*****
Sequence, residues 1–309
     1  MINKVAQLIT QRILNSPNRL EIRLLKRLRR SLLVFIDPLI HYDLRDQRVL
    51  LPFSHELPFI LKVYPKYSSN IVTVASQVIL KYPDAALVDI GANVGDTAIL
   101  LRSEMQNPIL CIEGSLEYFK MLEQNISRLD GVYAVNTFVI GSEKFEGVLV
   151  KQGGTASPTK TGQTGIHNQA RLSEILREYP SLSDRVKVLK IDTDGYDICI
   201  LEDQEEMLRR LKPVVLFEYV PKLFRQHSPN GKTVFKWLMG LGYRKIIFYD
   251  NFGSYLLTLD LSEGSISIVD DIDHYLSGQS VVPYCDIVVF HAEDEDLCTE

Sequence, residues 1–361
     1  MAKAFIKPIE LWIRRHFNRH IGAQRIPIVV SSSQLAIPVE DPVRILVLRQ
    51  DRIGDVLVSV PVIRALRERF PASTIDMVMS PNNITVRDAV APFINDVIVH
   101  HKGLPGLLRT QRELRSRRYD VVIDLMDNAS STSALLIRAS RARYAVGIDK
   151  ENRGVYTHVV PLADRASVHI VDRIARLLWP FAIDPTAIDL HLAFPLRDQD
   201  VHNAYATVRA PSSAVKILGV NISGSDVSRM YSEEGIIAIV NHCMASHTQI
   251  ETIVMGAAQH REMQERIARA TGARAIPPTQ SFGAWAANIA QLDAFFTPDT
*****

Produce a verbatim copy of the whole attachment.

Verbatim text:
Sequence, residues 1–309
     1  MINKVAQLIT QRILNSPNRL EIRLLKRLRR SLLVFIDPLI HYDLRDQRVL
    51  LPFSHELPFI LKVYPKYSSN IVTVASQVIL KYPDAALVDI GANVGDTAIL
   101  LRSEMQNPIL CIEGSLEYFK MLEQNISRLD GVYAVNTFVI GSEKFEGVLV
   151  KQGGTASPTK TGQTGIHNQA RLSEILREYP SLSDRVKVLK IDTDGYDICI
   201  LEDQEEMLRR LKPVVLFEYV PKLFRQHSPN GKTVFKWLMG LGYRKIIFYD
   251  NFGSYLLTLD LSEGSISIVD DIDHYLSGQS VVPYCDIVVF HAEDEDLCTE

Sequence, residues 1–361
     1  MAKAFIKPIE LWIRRHFNRH IGAQRIPIVV SSSQLAIPVE DPVRILVLRQ
    51  DRIGDVLVSV PVIRALRERF PASTIDMVMS PNNITVRDAV APFINDVIVH
   101  HKGLPGLLRT QRELRSRRYD VVIDLMDNAS STSALLIRAS RARYAVGIDK
   151  ENRGVYTHVV PLADRASVHI VDRIARLLWP FAIDPTAIDL HLAFPLRDQD
   201  VHNAYATVRA PSSAVKILGV NISGSDVSRM YSEEGIIAIV NHCMASHTQI
   251  ETIVMGAAQH REMQERIARA TGARAIPPTQ SFGAWAANIA QLDAFFTPDT